The following are brief descriptions of some of the main positions aboard cruise ships that will give you a general idea of the qualifications and duties of each job. Shipboard employees are typically divided into departments relating to service, passenger accommodations (sometimes called “hotel administration”), entertainment, general ship maintenance, engine work, and safety. Different cruise lines use variations on these categories, but for our purposes we have divided onboard job descriptions into the areas of Hotel (Activity/Entertainment, Service/Hospitality, Personal Care), Deck, and Engineering.
In Focus: Cruise Staff Role (Disney Cruise Line)
A fifth category is Corporate/Office, which includes those jobs commonly available in corporate headquarters. If you want to work in an office environment and avoid a nomadic lifestyle and demanding tourists, this might be the right path for you. Going corporate is a way to get travel benefits and can be your key to a job on board a vessel at a later time, if you so choose.
The majority of corporate offices are either in Los Angeles or Florida. However, New York, Seattle, and various European cities also have their share. If you live in or near one of these cities, you may want to start applying to the companies located in the city near you as it will be easy for you to attend an in-person interview. If you do not live near any of these cities, don’t be discouraged. Much of the application process can be done from anywhere in the world via phone, fax and E-mail. Also, a number of companies conduct traveling job fairs or have staffing agents around the world.
The types of jobs available are wide-ranging and include booking agents, administrative assistants, sales representatives, human resource representatives, and marketing personnel. Plenty of other jobs exist as well.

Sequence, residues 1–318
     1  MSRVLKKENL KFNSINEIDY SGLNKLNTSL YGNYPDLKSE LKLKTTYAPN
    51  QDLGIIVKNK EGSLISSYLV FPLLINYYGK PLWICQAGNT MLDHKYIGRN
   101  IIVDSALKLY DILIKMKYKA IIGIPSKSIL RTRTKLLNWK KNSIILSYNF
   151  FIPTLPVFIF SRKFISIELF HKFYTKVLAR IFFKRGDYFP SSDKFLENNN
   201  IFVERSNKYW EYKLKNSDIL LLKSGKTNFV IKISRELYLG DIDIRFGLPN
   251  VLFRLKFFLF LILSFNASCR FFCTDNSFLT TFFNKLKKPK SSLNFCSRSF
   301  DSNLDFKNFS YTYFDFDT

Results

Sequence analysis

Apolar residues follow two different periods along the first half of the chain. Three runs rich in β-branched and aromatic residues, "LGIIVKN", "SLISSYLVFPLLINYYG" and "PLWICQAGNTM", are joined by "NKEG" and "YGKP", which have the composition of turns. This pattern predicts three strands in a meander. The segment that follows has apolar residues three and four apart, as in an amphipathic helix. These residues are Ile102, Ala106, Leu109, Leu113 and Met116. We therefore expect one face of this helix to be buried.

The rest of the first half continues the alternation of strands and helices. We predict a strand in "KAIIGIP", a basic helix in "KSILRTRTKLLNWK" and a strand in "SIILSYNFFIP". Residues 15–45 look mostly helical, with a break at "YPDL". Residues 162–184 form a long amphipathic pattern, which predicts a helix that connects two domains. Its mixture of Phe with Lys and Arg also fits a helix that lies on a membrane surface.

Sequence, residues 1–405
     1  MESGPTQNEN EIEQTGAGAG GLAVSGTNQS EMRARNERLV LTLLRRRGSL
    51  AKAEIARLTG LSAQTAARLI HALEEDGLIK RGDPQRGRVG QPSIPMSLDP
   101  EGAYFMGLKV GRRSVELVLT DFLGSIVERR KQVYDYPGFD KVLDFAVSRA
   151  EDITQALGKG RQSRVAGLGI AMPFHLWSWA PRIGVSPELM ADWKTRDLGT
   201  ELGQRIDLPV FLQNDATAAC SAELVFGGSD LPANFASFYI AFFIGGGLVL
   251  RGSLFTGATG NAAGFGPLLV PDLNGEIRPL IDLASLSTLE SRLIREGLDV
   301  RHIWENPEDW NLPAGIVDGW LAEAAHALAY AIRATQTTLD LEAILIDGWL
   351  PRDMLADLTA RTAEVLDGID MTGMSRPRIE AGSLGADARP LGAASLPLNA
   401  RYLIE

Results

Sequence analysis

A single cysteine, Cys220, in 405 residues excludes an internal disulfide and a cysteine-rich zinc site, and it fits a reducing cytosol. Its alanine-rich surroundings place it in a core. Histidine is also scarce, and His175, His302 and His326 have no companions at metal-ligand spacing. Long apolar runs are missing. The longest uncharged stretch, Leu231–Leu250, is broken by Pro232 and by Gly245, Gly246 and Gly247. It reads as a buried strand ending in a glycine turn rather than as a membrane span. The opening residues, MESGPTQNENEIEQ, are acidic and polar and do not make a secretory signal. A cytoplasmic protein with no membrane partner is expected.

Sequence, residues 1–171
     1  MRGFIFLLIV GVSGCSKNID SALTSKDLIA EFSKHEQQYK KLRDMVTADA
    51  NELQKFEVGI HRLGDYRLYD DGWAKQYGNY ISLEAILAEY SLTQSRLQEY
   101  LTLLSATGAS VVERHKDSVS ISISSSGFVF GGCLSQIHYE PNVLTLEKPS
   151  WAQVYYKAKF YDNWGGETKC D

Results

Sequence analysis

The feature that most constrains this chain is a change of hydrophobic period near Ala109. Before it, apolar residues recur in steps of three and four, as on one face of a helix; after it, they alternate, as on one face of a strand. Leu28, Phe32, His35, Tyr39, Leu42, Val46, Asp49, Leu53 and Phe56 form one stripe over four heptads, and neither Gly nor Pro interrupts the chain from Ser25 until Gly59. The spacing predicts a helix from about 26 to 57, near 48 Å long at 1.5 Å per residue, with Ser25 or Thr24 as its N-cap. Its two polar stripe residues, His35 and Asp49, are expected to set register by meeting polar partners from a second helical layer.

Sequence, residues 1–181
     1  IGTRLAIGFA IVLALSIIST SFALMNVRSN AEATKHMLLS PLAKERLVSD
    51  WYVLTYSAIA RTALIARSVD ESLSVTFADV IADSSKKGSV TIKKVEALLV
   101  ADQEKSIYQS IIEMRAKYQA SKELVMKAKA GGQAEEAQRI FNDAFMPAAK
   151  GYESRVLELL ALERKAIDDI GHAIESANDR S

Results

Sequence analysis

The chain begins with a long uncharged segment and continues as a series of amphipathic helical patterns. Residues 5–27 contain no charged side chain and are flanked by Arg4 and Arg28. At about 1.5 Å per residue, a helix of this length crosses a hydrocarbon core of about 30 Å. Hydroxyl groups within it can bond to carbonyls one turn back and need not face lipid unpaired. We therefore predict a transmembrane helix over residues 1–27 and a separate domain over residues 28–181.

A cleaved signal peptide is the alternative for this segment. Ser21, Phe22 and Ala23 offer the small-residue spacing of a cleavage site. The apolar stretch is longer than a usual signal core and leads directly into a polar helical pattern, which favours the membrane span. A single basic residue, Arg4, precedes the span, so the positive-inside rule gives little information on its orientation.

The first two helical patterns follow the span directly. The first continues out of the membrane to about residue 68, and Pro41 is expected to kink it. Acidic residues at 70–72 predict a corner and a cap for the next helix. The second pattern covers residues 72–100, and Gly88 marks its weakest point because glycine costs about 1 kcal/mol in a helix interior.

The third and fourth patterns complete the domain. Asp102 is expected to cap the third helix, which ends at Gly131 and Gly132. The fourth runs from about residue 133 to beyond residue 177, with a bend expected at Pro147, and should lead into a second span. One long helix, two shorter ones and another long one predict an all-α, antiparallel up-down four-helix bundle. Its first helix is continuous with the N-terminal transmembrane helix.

These positions are often synonymous with “cruise staff” and deal with anything relating to passenger entertainment. This department includes hosts and hostesses, cruise directors and staff, disc jockeys, performers, swimming instructors, and shore excursion staff. These positions are considered the most glamorous on the ship, and are probably the most sought-after jobs in the cruise industry.
In Focus: Activities Staff
For more detailed job overviews see: Activity & Entertainment positions and their job requirements.
In Focus: Day in the Life of an Automated Systems Rigger
Disney Cruise Line
These positions fall under the “Hotel Management” department. These staff members have the responsibility of managing the restaurants, bars,
and passenger cabins, as well as shipboard retail concessions like gift shops. Those who serve food or alcohol can make a handsome amount of money from tips. As the old saying goes, “The captain receives all the glory onboard but when the ship docks the captain leaves on a scooter and the waiter leaves in his Benz.” The purser (the ship’s treasurer in charge of passenger accounts, tickets, changing currency, etc.) and his or her staff are also included in this department. For a more detailed overview of Service/Hospitality Positions, Click Here!
In Focus: Beverage Server
Food and Beverage
The personal care department can include fitness, beauty, spa and medical services. These positions are important to the passengers who signed up for the cruise to “pamper themselves silly.” More and more cruise ships are updating their spa and fitness facilities as the demand for these services increases. The medical department offers medical services to the passengers and crew. For a more detailed overview of Personal Care Positions,
This department is responsible for maintaining and running the vessel. On large ships, this department usually does not have many entry-level positions open to North Americans. People working in the deck department include deckhands, maintenance workers, engineers, and officers. It is their job to motor or sail the ship, attend to the physical maintenance needs of the ship, and keep it in accordance with fleet regulations and international maritime laws. Officers are in charge of passenger safety as well. For a more detailed overview of Deck Positions, Click Here!
These are generally onshore positions in which employees work in the main office arranging cruises or performing general office work. These positions include administrative assistants, booking agents, sales/marketing staff, and clerical workers. For a more detailed overview of Office Positions, Click Here!